The story was up to my expectations, meaning it was well-done. This is the best 8 or 16-bit storyline, bar none (except maybe FFIV and Chrono Trigger). You are Terra, a mysterious girl with a magical power that is a mystery at first. She has been brainwashed by the Empire (FFII anyone?) and is being used to attack the Narshe village and obtain it's Esper. As in most RPGs, the question is: why? You will find out soon enough, but not before meeting an engaging villain that is both evil and comic relief at the same time. You will also encounter 15 other allies as you begin to unravel the mystery behind the Empire you will soon be rebelling against. I would also like to say that Biggs and Wedge and the whole rebellion vs. Empire theme also seen in FFII must be taken from Star Wars. This is what makes Square interesting, for they borrow from various films and myths to mix with their own ideas, much like Star Wars did. Speaking of which, summon names such as Ramuh are back, and so are some new ones that will be seen in future installments. Many of these are taken from myths, such as Leviathan. I enjoyed the story much more then any of the RPGs before this one.

GRAPHICS: 28/30 (For their time)
I give the graphics such a high score because I'm comparing them to 1994. Simply put: FF6 has the second best graphics of a SNES game, the first being Square's 1995 release, Chrono Trigger (their second masterpiece). The sprites are large and designed well for a 16-bit RPG. The towns are now larger and much more detailed, and the world map has been tilted slightly and is also larger than FFIV or V. Not much was improved upon for Anthology. Actually, the Anthology release features horrible load times. It takes seven seconds to load the menu! Enough about the graphics: they're good, but the load times are definitely a con for the Anthology release.

I feel that the sound and music in FF6 is actually better than it's two slices of bread, FFV and VII. Don't get it? FF6 has better music than both Final Fantasy 5 and 7. The battle music is nice at first, although it may get a little old after a while, especially since this is the longest Final Fantasy up to it's point. The boss music is one of the best in any RPG I've ever heard, and both world map themes are also nice. Overall, the music is good, except for a few mountain dungeons (it brings back bad memories of FFIV for some reason: I hated Mt. Ordeals).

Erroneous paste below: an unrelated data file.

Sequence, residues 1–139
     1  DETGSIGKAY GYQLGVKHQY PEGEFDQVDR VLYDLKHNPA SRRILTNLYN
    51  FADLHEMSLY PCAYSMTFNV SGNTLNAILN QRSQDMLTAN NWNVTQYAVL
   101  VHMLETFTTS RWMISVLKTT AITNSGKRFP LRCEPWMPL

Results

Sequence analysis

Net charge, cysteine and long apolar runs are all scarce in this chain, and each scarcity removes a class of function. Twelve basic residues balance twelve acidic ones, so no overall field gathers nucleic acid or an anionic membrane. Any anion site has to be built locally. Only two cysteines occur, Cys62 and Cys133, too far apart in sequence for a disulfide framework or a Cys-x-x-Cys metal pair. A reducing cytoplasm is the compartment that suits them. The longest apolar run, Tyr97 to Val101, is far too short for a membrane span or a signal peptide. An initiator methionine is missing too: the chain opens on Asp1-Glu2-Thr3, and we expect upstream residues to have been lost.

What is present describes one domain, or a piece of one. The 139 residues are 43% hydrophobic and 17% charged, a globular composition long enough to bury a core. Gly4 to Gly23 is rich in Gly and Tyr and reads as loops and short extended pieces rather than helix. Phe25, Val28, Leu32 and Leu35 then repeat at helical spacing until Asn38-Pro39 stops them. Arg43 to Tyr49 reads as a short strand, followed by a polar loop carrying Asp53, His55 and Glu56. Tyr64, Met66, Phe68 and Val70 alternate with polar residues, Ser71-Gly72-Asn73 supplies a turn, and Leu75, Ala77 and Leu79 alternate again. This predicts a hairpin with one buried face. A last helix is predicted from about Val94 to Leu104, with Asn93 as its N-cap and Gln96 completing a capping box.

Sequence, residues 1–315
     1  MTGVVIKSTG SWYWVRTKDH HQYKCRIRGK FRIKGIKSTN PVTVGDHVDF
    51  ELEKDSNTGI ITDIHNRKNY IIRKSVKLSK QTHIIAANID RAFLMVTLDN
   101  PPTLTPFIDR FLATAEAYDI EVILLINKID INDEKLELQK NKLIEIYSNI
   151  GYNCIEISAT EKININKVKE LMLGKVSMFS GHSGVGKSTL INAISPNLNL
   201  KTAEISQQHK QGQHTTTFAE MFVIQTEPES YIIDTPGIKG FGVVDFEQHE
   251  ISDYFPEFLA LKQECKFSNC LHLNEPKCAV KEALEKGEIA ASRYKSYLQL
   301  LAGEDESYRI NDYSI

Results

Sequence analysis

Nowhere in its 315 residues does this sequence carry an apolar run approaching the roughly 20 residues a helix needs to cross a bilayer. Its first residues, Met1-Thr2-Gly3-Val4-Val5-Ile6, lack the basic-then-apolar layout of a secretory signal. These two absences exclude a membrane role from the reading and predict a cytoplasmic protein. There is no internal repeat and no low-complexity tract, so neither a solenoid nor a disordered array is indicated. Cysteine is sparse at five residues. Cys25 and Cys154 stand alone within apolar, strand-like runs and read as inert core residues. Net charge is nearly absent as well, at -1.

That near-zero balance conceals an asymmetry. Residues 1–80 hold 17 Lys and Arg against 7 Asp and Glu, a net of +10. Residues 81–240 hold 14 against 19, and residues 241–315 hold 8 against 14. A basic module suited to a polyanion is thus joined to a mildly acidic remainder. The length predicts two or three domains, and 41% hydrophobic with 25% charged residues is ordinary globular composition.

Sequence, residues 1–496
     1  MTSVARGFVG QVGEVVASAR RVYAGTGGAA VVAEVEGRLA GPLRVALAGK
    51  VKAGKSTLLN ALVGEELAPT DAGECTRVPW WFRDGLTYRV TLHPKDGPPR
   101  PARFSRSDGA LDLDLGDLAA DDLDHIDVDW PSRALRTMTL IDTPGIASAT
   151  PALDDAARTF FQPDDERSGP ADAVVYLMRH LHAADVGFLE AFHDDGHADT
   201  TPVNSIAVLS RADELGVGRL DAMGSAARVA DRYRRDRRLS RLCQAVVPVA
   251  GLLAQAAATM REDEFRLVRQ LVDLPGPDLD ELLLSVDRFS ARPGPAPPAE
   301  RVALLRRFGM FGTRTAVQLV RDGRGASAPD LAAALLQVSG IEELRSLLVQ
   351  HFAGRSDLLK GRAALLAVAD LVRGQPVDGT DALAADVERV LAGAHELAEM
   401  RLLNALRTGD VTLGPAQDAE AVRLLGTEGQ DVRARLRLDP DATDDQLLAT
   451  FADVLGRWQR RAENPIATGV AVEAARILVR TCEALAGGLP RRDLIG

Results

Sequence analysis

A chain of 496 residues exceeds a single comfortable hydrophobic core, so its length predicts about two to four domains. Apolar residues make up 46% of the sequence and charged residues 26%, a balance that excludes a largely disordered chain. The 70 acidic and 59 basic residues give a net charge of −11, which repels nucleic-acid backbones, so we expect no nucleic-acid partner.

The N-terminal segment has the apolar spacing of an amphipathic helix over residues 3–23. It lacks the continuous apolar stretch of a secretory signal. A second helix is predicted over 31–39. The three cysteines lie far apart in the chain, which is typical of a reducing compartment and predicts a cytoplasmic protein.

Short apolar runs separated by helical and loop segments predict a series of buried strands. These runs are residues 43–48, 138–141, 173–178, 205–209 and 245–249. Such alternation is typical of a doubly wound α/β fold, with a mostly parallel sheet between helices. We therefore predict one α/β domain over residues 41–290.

CHALLENGE: 24/25 - Medium Difficulty
FINALLY! A near-perfectly balanced Final Fantasy! FFVI's five predecessors were all either slightly too difficult, unbalanced, or near impossible. FF6 manages to keep a sense of difficulty while providing a fairly balanced battle system. Some areas are still a bit too difficult, but that's because magic is a key part of this game, and there are also some magic combinations that work well. There is still a bit of annoyance towards the end of the game, especially during the sidequest areas. But the first 2/3 of the game has a nice, medium difficulty level: except for the F.C. FINALLY! Thank you Square! And...then came FF7...but that's another review.

There are so many different sidequests you can get, and this game is much less annoying than the first four or so Final Fantasies, so you will want to replay this game just for the fun factor! As a matter of fact, I honestly feel that this is the first (chronologically, as all my early-FF reviews are) in the series that I had the urge to replay. A few parts (F.C., T.O.F., P.C.) I want to forget, so I deducted a few points. You'll probably end up playing this game again.

They're fine, as most 16-bit games are. The menu is fairly easy to navigate, although I had some problems with the Esper system, so you may want to read the directions carefully for that so you don't mess up like I did.

By the time I get to this section, I've already explained much of what's in it. Square got creative with some names, and they also did well in choosing their references. The plot has some cliche (the rebellion theme), but the main antagonist is fairly unique, and he is a major contribution to this well-done game.

My opinions: FF6 is a great game, but slightly overrated. Then again, FF7 is a good game, but also overrated. My favorite RPG is FF8, hands down. Debates are nice, but all a neutral reviewer like me can do is present the facts from a neutral perspective. I like each game for different things.

CHALLENGE: 24/25 - Medium Difficulty

Game Length: 28-40 hours

Total: 206/230
Percentile Score: 90/100
Grade: A-
Final Score: 9/10

Overall, this has to be the "A Night at the Opera" or "Led Zeppelin IV" of video games: Squaresoft broke down all the barriers and created a story and gameplay without any restrictions to past installments or whatnot: everything here is innovative in some way or another, while just drawing upon references to other final fantasies in names and magic attacks. This would create what was arguably their first magnum opus: FF6. I think I've said that enough. They would do the same with most of the upcoming Final Fantasies, but never with so much of a jump as they did with Final Fantasy 6. Sure, it's slightly overrated, but Squaresoft showed their potential with this release. Enjoy!

Rating:   4.5 - Outstanding